By Gareth Watkins
CALGARY — A literary culture is one of those really basic elements that make a city livable rather than simply habitable. Good coffee, a thriving gay scene, dog walking parks and the ability for a man to get a close shave with a straight razor from somebody who only speaks Italian are also important, but we’re here to talk about books.
Wordfest has been bringing literature and the people who write it to Calgary, Banff and the Bow Valley for the past 19 years, curating a series of talks and workshops by international writers at venues across the area. Think of it as a quieter Sled Island, and, like a music festival, it’s a mix of essential headline acts and smaller artists who you and a handful of other people will discover buried deep in the event’s program who nonetheless will be life-changingly brilliant.
Naomi Klein is the first of many big names. Her book No Logo became a touchstone of the anti-globalization movement in the ‘90s, while her follow-up The Shock Doctrine anticipated the concerns of the Occupy movement. Her new book This Changes Everything makes an explicit link between climate change and capitalism, one that will infuriate the right wing as much as it will energize those of us that would prefer to not be extinct by this time next century.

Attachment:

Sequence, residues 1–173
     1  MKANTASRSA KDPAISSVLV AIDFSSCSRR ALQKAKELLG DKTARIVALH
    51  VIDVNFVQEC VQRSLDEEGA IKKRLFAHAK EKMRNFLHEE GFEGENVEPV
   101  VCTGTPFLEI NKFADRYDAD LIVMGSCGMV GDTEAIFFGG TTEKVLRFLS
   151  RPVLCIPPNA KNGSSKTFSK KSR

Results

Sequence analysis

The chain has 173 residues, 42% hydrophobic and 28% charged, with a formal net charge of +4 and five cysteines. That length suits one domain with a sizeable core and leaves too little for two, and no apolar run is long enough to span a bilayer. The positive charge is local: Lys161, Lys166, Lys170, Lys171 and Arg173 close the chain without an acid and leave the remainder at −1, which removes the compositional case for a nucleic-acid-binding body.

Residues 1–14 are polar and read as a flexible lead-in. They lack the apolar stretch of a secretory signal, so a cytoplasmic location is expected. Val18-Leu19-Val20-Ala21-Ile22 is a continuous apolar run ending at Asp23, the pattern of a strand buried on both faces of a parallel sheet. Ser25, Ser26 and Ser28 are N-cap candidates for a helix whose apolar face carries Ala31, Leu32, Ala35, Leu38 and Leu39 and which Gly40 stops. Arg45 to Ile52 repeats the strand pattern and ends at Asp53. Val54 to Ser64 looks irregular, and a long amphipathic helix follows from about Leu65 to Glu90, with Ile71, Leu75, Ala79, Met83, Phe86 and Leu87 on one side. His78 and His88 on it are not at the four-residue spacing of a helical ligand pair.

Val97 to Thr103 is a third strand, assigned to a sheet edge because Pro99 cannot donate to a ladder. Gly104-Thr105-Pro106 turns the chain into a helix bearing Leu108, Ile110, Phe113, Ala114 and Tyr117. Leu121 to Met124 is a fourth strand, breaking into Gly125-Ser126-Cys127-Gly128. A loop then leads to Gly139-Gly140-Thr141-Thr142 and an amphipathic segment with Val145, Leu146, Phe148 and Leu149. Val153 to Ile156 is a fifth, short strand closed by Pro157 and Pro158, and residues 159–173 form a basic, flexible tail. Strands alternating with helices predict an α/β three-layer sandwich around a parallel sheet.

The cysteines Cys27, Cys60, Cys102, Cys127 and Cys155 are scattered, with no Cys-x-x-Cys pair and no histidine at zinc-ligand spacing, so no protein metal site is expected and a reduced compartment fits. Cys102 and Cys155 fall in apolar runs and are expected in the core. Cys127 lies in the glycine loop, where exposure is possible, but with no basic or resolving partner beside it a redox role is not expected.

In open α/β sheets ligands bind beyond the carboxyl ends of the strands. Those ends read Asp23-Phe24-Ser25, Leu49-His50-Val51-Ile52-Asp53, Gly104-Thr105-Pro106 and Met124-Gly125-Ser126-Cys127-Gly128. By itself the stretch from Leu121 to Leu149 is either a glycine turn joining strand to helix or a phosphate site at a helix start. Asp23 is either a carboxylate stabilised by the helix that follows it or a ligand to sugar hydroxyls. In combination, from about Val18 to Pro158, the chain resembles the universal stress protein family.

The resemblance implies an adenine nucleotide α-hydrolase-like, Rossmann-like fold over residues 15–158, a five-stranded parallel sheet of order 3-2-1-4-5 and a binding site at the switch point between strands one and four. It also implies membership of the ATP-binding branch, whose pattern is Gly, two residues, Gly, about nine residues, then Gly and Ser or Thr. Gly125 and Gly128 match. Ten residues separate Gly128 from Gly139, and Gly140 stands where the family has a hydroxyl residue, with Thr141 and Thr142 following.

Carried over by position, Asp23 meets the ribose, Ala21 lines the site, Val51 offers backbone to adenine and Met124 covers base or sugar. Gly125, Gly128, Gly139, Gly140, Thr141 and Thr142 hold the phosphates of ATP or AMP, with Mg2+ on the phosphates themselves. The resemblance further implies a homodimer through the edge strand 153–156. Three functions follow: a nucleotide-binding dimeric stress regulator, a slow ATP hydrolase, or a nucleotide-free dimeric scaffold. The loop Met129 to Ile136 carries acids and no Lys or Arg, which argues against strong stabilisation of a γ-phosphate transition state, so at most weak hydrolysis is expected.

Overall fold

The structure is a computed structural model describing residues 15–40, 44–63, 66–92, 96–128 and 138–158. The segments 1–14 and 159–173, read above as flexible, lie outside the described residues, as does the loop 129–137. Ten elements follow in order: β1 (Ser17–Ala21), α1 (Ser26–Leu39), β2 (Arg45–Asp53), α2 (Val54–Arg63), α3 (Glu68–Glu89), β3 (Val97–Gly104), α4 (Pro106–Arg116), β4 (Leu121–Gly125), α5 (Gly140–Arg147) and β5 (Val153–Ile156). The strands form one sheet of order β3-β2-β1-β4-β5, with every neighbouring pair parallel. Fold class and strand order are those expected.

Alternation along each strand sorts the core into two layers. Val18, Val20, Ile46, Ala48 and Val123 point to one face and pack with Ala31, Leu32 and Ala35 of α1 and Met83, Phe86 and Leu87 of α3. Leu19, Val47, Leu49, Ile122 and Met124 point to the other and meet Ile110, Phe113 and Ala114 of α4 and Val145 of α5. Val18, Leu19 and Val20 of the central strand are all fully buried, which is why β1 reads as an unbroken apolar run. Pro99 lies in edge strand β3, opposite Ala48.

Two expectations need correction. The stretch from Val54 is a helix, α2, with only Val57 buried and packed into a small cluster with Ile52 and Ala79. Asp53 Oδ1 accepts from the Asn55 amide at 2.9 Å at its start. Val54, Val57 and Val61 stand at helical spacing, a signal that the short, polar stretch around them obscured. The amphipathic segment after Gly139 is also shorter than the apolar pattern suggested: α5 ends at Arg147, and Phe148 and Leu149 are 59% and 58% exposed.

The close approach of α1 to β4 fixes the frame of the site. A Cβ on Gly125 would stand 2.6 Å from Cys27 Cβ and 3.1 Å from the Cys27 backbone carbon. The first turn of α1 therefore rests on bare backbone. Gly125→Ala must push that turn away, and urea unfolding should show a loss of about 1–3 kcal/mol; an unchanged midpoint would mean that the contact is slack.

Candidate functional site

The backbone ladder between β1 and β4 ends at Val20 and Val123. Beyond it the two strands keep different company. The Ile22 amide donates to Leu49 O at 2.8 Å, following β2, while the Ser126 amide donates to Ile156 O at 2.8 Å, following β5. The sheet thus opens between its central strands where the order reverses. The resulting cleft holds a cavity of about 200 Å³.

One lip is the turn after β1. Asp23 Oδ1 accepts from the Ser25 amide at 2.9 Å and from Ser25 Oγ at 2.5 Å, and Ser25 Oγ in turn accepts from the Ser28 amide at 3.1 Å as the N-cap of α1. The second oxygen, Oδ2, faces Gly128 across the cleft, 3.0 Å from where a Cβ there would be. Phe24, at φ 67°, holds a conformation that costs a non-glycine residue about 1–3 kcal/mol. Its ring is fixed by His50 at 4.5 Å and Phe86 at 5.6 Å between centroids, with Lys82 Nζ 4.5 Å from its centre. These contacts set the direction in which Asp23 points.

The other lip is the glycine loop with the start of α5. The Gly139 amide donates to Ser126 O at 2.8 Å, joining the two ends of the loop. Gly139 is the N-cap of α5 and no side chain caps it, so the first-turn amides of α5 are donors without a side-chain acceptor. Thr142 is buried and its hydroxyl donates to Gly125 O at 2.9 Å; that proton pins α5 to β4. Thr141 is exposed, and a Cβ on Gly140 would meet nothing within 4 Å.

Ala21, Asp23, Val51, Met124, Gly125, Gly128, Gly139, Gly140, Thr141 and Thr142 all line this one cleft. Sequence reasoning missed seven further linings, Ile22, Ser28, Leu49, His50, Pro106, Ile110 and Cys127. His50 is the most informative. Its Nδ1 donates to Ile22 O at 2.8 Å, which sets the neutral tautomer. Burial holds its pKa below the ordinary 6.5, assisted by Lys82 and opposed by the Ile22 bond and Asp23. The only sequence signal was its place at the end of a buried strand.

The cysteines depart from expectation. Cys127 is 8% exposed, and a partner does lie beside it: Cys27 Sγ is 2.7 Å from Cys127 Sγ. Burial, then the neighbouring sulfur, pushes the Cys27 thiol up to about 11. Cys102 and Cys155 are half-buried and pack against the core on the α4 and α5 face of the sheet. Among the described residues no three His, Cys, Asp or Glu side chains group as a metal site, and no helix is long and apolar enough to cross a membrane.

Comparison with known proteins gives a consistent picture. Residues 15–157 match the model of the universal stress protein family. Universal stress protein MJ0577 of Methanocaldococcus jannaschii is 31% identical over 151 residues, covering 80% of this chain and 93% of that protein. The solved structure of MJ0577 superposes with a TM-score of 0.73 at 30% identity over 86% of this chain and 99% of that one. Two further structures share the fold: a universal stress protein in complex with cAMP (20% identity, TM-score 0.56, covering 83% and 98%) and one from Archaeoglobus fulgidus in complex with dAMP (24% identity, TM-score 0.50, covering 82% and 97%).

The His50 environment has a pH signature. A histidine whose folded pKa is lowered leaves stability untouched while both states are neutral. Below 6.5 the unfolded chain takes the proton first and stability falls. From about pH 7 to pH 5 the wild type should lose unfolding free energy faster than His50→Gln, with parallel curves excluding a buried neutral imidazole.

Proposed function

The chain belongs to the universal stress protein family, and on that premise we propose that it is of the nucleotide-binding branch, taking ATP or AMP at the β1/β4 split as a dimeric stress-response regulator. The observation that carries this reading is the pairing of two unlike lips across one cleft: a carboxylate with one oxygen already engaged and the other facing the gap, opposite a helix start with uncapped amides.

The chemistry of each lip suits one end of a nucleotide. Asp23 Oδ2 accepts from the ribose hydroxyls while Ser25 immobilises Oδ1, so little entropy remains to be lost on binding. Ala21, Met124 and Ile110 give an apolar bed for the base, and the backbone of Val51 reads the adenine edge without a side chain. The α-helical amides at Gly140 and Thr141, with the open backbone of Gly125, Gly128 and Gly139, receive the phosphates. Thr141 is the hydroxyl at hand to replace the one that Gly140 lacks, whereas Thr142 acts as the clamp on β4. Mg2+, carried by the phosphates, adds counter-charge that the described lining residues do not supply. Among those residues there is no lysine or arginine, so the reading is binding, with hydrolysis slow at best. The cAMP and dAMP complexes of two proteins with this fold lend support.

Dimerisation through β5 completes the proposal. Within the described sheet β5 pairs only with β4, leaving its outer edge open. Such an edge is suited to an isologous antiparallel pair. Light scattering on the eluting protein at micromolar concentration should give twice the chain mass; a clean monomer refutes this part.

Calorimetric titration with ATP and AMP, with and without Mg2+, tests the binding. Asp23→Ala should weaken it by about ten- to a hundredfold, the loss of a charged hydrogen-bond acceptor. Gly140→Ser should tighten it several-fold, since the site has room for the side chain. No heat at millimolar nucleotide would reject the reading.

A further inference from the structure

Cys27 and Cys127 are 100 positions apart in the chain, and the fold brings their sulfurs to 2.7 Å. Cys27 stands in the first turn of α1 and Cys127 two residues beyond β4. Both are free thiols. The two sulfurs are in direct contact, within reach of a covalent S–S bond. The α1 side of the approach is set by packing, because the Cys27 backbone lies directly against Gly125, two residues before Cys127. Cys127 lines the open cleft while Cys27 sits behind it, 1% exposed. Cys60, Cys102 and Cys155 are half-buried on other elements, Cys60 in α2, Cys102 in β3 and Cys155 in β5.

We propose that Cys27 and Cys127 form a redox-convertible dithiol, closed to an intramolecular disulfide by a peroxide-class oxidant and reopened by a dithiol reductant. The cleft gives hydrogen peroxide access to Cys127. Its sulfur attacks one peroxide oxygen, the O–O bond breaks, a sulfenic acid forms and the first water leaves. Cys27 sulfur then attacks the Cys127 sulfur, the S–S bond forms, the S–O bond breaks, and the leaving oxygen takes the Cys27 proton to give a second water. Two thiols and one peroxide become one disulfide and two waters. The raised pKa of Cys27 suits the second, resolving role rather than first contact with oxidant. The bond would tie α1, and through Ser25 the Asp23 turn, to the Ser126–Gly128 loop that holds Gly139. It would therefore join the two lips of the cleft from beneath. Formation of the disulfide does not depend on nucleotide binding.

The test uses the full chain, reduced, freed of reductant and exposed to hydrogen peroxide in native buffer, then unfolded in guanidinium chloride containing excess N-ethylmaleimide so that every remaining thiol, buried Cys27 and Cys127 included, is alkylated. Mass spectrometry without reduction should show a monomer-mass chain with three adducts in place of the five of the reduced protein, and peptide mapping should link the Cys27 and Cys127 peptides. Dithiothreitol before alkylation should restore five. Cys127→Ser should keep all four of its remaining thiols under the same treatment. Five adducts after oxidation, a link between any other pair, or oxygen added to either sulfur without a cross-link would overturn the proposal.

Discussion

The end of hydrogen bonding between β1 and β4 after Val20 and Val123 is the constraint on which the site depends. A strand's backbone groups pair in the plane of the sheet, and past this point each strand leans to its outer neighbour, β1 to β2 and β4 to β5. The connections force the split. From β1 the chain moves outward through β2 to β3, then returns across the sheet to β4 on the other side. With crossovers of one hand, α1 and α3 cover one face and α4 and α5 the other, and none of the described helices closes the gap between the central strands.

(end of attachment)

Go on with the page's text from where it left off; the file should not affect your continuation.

Sheila Heti’s latest book How Should a Person Be? dared to answer that question through a mix of fiction and real transcribed conversations and emails, and Wordfest’s director Jo Steffens quite rightly calls her a “literary darling.” She has collaborated with Canadian artist Leanne Shapton on a 500-page book of interviews with women across the world on the subject of clothes. They will be speaking about the book following a pre-show clothing swap.
Representing the more commercial end of the spectrum are Veronica Roth, whose young adult book Divergent was made into a film released earlier this year, and Tahereh Mafi, whose Shatter Me books about a girl with a lethal touch has also been picked up for a film adaptation.
There will be a wealth of local writers reading their work, including former Kids in the Hall and Saturday Night Live alum Bruce McCulloch, but Steffens has booked plenty of other talent.
“For the local authors I actually invited a lot of poets to the festival. We have a great emerging and established poetry scene here in Calgary.” She mentions Nikki Reimer and Natalie Simpson, both Calgarians who have returned home: the former uses hashtags and YouTube comments; the latter explores the tension between sound and meaning. They couldn’t be less alike or more cutting edge.
As Steffens notes, we don’t live in a culture where writing is given much press coverage, so the majority of artists at Wordfest will be new to you. Don’t worry. If you’re not of the literary mindset, then just judge them by their covers: go see Joshua Ferris because he has nice teeth, or Sjón because he has an interesting name, or Emily St. John Mandel because she has a cute haircut. It’s guaranteed that something somebody has written will climb inside your soul and live there, because that’s kind of what books are there for.
The 19th annual Wordfest takes place in various venues in Calgary, Banff and the Bow Valley October 14-19. For a full list of events, visit www.wordfest.com.AB, Alberta, books, Wordfest